Anat Ebgi and Esther Kim Varet of Various Small Fires have invited Lucie Fontaine to present a solo show to be split between their two Los Angeles galleries. Lucie Fontaine has conceived a series of artworks, each comprised of two parts, which will be divided between the two spaces: half of each piece will be shown at Anat Ebgi, and the other half will be shown at Various Small Fires.
By splitting and doubling the exhibition, Lucie Fontaine seeks to merge notions of form with those of format, acknowledging that the creation of feelings, ideas, objects, images, information and knowledge cannot be understood apart from the channels through which these forms are distributed—from conception to presentation to promotion of an exhibition, for example. Lucie Fontaine embraces those channels by freely mixing and matching “split” concepts belonging to disparate realms of the history of humankind, including: 1. Hegel’s Master-Slave dialectic presented in his Phenomenology of Spirit; 2. The diptych in art history; 3. Symbiosis in biology; 4. The Chinese “One Divides into Two” controversy of 1964 between philosophers and Maoists; 5. Labor divisions between art employer and art employee, dealer and artist, artist and curator, dealer and collector and so on.
For this project, Lucie Fontaine puts love at the center of her cerebral promiscuity. For Lucie Fontaine, love in all of its manifestations—love for your partner, love for yourself, love for God, love for what we do, love as friendship—transforms, making the singular into pluralities of streams of pleasure. Yet love’s authenticity inevitably comes laced with a sense of irony, which Lucie Fontaine fully embraces by opening her exhibition on Valentine’s Day, the day love becomes capital. Today, all that is immaterial, even love itself, has been transmuted into commodities, which is no news considering the sale of indulgences by the Catholic Church. The capitalization of feelings, and the capitalization of love, may be the clearest visualization of a reality where the opposition between what is material (stuff) and what is immaterial (feelings) no longer makes sense.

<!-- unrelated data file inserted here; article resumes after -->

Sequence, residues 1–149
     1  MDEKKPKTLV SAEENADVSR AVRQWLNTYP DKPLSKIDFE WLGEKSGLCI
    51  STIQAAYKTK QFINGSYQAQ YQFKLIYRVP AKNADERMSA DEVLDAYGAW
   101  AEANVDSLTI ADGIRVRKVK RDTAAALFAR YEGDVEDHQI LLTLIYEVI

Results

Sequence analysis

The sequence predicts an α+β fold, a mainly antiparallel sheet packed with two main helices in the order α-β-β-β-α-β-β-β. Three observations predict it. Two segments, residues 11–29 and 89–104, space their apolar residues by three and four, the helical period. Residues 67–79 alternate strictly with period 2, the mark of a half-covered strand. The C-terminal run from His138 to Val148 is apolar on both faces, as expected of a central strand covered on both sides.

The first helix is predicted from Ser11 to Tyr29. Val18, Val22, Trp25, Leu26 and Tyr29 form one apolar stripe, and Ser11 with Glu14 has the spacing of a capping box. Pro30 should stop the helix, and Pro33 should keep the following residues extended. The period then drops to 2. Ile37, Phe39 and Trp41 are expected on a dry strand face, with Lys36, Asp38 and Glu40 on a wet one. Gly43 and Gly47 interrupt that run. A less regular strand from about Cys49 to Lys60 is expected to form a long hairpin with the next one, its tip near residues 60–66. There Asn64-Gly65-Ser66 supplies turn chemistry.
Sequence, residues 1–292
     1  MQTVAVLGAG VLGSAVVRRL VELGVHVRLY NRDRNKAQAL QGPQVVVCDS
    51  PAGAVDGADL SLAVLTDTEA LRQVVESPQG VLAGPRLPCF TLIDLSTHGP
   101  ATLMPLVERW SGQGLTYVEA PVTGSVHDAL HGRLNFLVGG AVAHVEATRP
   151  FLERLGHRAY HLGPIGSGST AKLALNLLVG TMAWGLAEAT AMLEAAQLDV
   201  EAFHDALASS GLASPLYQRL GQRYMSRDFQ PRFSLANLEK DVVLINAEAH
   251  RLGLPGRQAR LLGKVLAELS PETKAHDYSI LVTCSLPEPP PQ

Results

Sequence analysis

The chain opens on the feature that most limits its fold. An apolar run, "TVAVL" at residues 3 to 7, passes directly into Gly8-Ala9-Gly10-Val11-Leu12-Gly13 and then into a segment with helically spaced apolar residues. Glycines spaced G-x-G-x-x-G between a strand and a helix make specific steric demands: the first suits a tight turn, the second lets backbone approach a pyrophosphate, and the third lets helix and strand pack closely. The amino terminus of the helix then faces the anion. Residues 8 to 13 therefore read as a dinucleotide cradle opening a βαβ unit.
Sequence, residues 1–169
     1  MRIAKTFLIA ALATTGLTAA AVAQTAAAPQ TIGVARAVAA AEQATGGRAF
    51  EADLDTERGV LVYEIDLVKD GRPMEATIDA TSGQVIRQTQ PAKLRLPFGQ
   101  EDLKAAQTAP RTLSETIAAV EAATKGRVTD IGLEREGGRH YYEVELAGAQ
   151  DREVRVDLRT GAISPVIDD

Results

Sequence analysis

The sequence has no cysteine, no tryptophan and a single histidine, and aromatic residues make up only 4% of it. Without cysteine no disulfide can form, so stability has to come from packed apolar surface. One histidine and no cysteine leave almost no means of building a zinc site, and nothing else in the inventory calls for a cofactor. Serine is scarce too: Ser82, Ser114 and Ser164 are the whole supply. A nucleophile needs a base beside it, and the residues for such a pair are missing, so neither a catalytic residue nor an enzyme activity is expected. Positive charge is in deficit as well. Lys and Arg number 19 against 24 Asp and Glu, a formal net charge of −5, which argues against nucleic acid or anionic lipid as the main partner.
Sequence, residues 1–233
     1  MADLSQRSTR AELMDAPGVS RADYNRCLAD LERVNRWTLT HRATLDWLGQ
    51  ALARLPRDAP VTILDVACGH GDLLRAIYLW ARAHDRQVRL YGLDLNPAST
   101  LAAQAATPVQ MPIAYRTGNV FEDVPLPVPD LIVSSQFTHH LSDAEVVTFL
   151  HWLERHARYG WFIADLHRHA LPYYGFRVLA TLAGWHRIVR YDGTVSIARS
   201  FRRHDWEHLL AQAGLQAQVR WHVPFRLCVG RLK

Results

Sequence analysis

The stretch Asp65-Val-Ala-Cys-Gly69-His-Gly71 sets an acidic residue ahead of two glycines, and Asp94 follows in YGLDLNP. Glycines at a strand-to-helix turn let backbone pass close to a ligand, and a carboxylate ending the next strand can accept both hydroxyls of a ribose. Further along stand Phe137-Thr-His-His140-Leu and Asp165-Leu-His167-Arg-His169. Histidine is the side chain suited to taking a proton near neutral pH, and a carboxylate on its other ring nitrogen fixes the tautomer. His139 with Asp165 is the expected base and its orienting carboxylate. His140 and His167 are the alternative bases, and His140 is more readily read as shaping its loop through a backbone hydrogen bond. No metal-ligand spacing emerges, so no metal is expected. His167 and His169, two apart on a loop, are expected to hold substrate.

Lucie Fontaine lives and works in Colmar, France, from which she willingly distributes her signature, authorship, creativity, and labor through many avenues: art making, exhibition organizing, art collecting, writing, and editing, to mention those she already tried. To learn more about her activities in Milan, where her space is located, and elsewhere, please visit her website at www.luciefontaine.com or email her employees. For more details about “I Love Lucie” please email email@example.com and firstname.lastname@example.org